Employers and recruiters use ATS software more and more frequently when hiring, so it’s something everyone has to bear in mind when job-hunting. But what does ATS stand for in business, and how can you optimise your CV for ATS software?
What does ATS stand for in recruitment and business?
ATS stands for applicant tracking system. Businesses use ATS software in the recruitment process to collect and process CVs.
Applicant tracking systems sort through CVs electronically and register specific keywords set by the business in question. The software siphons out unsuitable CVs and compiles a shortlist of candidates, whose CVs are then sent to humans to take to the next stage.
Who uses ATS software and what are its benefits?
Recruitment companies and large organisations are the biggest users of ATS software.
Last year, 94% of users said ATS software had improved their recruitment process.
ATS software has many benefits for businesses, including:
- Saves time – ATS software makes the recruitment process quicker
- Reduces human input – using ATS means managers receive a much smaller and more refined collection of CVs, rather than sifting through thousands of applicants
- It’s cost-effective – ATS enables you to automate a number of stages of the recruitment process, including sourcing, filtering, organising and tracking candidates, which saves a business money in the long-term
- Better organisation – using ATS keeps the recruitment process organised and reduces the chance of CVs being lost or overlooked.
How do I make my CV ATS-compliant?
Now we understand what we’re dealing with, here are five ways to beat the bots and make your CV ATS-compliant.
1. Use keywords
ATS software searches for keywords relating to the position you’re applying for, so if it doesn’t pick them up on your CV, the likelihood is you’re out.
Just like when you Google something and the search engine picks up the terms you typed in to present you with the most relevant results, ATS bots are searching your CV for the key terms relevant to this job role.
Use keywords listed on the job description to tick all the boxes. An easy way to do this is to add a “key skills” section of bullet points to your CV, if you don’t already have one. You can also incorporate keywords into the personal statement and work experience sections of your CV.
However, beware of using too many keywords. Just like Google will punish websites for keyword-stuffing, ATS will be likely to pick up on and penalise this practice too.
2. Keep it clean and simple
When crawling CVs, ATS bots don’t recognise fancy formatting. So, adding graphics, tables and images to your CV can end up being a waste of time at best, and the reason you’re booted out of the recruitment process at worst.
Keep fonts and sizes consistent throughout, use minimal colours and feature tabs and bullet points to format your CV simply and effectively.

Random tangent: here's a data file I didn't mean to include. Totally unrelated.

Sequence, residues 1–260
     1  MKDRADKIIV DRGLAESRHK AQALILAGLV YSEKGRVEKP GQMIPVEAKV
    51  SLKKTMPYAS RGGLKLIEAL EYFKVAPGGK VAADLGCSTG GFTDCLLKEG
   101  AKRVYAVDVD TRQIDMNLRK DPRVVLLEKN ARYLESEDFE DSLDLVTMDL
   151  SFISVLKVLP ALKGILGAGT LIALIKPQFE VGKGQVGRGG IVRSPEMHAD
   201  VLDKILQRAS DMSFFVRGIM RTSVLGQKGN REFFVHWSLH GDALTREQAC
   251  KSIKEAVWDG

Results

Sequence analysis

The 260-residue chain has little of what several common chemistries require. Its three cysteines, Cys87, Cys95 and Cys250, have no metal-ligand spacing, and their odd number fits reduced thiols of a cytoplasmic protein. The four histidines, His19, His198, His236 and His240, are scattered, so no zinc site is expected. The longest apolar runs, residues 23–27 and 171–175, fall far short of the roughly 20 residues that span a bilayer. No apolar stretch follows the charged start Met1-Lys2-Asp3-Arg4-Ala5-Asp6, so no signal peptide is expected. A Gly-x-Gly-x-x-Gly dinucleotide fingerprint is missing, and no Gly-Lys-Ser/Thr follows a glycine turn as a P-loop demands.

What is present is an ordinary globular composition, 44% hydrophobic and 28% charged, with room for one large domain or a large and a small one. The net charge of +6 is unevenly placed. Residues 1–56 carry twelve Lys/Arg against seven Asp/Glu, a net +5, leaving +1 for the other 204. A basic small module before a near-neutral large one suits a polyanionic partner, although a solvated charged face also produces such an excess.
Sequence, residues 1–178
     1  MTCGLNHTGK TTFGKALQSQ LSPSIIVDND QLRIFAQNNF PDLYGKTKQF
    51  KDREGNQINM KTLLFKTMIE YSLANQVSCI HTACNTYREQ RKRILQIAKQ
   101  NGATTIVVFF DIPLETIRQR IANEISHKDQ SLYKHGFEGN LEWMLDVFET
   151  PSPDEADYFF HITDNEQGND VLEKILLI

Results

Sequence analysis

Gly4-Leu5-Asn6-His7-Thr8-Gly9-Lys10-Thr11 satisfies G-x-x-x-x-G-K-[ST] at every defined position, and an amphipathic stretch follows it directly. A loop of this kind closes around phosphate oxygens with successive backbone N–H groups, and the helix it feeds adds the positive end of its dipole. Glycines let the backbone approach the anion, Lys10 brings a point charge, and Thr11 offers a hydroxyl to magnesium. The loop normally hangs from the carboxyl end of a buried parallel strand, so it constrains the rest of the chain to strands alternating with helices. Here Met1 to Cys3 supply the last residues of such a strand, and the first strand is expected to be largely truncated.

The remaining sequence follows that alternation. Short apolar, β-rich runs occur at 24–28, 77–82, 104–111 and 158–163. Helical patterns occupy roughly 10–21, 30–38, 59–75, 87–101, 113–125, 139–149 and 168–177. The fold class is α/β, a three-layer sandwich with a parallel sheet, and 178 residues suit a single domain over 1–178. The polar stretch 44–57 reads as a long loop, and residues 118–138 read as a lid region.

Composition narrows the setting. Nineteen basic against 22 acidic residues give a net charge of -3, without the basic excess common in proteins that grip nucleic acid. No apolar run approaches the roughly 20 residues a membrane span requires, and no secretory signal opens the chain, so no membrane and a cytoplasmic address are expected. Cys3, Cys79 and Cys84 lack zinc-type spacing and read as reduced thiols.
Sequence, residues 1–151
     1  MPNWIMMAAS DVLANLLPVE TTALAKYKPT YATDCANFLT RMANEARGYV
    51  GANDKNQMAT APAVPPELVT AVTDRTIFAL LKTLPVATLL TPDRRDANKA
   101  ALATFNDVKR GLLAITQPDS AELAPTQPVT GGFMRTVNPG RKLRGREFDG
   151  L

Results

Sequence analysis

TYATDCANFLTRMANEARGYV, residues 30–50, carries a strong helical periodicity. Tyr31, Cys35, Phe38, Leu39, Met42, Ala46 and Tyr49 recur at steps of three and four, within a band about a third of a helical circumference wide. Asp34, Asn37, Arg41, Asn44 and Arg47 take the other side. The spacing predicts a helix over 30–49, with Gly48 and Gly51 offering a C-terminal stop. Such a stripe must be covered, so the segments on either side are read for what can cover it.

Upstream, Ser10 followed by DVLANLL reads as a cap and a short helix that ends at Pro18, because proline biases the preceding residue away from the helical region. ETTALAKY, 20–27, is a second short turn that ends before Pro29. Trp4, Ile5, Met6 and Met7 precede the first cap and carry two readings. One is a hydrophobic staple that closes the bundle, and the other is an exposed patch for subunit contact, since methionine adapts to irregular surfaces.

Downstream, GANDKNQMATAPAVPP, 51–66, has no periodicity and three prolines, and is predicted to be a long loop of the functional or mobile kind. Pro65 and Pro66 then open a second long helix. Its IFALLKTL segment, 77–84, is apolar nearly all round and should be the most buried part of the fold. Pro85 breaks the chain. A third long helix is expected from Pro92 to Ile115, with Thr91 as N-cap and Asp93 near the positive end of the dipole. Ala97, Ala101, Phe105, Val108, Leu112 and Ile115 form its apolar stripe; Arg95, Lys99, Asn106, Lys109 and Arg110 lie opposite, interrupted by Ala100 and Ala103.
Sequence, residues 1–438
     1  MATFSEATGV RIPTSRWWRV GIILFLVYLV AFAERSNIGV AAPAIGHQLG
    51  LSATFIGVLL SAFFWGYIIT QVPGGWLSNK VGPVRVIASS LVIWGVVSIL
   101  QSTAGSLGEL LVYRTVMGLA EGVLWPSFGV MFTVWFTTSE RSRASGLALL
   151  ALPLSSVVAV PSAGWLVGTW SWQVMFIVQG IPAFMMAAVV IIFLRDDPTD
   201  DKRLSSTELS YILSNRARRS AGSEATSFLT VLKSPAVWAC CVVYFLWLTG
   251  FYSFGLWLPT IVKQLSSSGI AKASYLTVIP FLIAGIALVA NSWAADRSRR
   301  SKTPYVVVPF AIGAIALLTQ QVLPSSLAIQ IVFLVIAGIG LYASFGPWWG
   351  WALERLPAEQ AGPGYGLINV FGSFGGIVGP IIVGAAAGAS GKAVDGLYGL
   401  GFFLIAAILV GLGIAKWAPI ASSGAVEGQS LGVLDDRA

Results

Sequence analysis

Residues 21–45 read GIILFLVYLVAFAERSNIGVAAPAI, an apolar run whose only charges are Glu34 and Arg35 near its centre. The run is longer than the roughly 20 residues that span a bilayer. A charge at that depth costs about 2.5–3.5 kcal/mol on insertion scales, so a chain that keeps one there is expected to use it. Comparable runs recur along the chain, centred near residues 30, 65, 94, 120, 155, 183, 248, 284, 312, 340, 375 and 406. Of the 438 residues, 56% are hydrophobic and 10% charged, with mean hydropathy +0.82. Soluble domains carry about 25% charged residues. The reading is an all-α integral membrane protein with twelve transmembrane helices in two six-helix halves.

Equally, job titles like “Minister of Happiness” won’t be understood by the software, so adapt any trendy job titles so they describe the actual role in terms a bot can grasp, e.g. Mental Health and Employee Engagement Coordinator”.
3. Supply it in the right format
The best format for your CV to comply with ATS software is Microsoft Word, in either .doc or .docx version.
ATS bots don’t like PDFs, and they may not be able to effectively pick up on the content of your CV if it’s in this format.
Submitting a CV in Word increases the chances you’ll end up on the yes pile.
4. Tailor your CV to the role
Sending the same generic CV out for each role may not be the most effective way of securing your dream job, especially when ATS software is used.
Only list keywords, qualifications and responsibilities relevant to the role you’re applying for, as this will be understood and rewarded by the ATS bots.
While this may seem tiring, it’s not a case of rewriting the whole CV each time you spot a role you fancy applying for. Instead, make a few tweaks each time to optimise your chances of appealing to employers for that position.
5. Make it human-friendly too
Optimising your CV to be ATS-compliant is important, especially when applying to large recruiters or global organisations.
However, the recruitment process isn’t 100% computerised for any company. Your CV will always be sent to a person, so the human touch is still essential.
A robotic, keyworded CV will only get you so far. So remember, a human will make the final decision.
I hope these tips on making your CV ATS-compliant will help in your job search.
While 95% of Fortune 500 companies use ATS software to recruit new employees, it’s still much less common among smaller companies and startups. Therefore, if you feel a snazzy CV will boost your chances – especially for creative roles – and you’re confident your application is going directly to a human, feel free to jazz it up and ignore this advice!
Follow my general CV writing tips here.
If you’d like a fresh perspective on your CV to help you bag a new job, feel free to take advantage of my free CV checking service by sending it to email@example.com